updated 11:50 pm EDT, Sun July 3, 2011
iSuppli gives HP TouchPad an early cost breakdown
iSuppli on Sunday estimated that the HP TouchPad cost $306.65 to make. The raw parts cost for a 16GB Wi-Fi model is about $17 less than a 3G iPad 2 and suggests HP's Palm team opted to focus on a similar level of quality and profit margin.
A 32GB version costs $328.65. As with other cost breakdowns, the price doesn't include marketing, research, and other factors that go into the actual cost to make and ship the end product.
Both have an at least very similar if not identical LG Display 9.7-inch, IPS-based screen that's the most expensive part of the tablet. The LCD itself is estimated to cost $69, while the capacitive touch panel on top costs about $63.50, iSuppli said. HP is using a Cypress touch controller chipset at $11.75 instead of the Broadcom and TI parts Apple uses.
As expected, very little is similar on the inside. The 1.2GHz Qualcomm APQ8060 Snapdragon processor is substantially different than Apple's A5, most of all in its slower graphics. Both Apple and HP do share similarity, however, in that the APQ8060 has had its cellular baseband components stripped out where most Snapdragons include it, possibly dropping the price but leaving the door open to a 3G or 4G sequel that needs little more than a new processor. For the current TouchPad, HP is more likely to have external chips. At $20, HP's choice is roughly on par in price.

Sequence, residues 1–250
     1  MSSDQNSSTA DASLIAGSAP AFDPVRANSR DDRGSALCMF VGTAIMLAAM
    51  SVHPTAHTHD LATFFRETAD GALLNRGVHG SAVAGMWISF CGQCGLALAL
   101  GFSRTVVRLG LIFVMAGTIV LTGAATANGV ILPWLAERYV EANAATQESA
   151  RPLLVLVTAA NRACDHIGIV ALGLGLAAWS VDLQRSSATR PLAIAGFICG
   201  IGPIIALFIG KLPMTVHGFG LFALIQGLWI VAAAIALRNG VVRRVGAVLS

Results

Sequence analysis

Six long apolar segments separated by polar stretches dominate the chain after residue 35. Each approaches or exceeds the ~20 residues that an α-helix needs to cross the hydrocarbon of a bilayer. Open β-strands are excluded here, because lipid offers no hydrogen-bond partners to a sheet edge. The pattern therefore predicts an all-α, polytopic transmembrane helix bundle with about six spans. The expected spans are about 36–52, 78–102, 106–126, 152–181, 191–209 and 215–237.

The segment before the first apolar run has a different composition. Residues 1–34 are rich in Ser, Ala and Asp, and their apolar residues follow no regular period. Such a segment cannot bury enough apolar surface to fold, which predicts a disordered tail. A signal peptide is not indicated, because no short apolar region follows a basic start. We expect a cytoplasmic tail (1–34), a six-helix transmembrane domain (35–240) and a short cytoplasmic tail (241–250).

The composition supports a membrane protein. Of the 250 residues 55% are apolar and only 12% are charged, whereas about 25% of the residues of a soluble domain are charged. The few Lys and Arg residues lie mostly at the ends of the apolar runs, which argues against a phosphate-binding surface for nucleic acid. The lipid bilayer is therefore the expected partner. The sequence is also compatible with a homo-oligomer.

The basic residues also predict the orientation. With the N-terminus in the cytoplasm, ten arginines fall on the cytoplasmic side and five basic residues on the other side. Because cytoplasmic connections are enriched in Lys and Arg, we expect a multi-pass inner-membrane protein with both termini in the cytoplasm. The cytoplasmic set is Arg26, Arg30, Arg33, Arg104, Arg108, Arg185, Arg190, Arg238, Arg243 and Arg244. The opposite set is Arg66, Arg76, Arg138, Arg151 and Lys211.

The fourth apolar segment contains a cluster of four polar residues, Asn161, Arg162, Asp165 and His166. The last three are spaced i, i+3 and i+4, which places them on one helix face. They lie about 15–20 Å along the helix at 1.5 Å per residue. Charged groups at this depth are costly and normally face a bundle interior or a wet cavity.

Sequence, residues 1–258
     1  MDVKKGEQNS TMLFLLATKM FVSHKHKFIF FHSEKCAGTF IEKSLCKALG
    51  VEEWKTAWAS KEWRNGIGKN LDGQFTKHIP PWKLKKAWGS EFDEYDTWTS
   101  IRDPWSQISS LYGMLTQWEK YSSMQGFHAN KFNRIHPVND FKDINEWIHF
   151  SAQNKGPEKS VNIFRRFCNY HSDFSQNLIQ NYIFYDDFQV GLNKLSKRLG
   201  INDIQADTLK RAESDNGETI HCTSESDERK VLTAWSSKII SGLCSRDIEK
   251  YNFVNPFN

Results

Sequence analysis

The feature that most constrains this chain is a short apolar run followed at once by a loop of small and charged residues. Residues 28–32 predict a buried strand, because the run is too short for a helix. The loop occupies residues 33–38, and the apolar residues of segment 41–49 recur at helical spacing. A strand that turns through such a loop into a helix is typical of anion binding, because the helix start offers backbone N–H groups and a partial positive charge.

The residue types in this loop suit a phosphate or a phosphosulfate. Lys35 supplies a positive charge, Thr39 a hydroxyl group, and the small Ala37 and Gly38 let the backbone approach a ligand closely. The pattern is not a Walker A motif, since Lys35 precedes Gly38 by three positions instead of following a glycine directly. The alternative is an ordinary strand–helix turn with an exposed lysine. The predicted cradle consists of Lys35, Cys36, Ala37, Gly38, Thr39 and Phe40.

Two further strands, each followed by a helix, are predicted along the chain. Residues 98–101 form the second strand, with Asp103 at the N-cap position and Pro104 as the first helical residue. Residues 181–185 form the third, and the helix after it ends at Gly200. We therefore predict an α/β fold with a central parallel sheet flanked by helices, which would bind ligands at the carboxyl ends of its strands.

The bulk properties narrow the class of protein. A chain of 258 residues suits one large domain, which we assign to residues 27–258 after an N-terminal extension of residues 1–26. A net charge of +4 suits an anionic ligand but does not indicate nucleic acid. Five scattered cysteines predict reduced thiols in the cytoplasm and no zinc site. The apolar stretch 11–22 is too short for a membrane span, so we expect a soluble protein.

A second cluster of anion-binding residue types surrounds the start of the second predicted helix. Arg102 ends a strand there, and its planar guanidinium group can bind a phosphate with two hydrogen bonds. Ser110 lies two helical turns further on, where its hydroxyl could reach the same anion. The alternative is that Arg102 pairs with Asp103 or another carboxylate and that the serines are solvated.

HP is using SanDisk's iNAND for flash memory, which costs $23 for 16GB and $45 for 32GB. Like Apple and most other electronic firms, HP is charging significantly more than needed for the higher capacity to help subsidize prices on lower end models and to account for the smaller volume. Apple typically relies on Samsung and sometimes Toshiba for its iOS flash storage.
Qualcomm and TI account for a handful of the remaining chips, including four from TI for power and the display that cost $4.50 and a Qualcomm Atheros Wi-Fi chip for $2.60.
The design may be thick, but it's hinted from the design that HP could either slim it down or add more components without bulking up the shape. At least in Wi-Fi trim, the TouchPad has no native GPS and may save that for 3G and 4G models. To some extent, the TouchPad is taking a cue from Apple, where the battery and mainboard only take up some of the inside space and theoretically leave room for more. [via AllThingsD]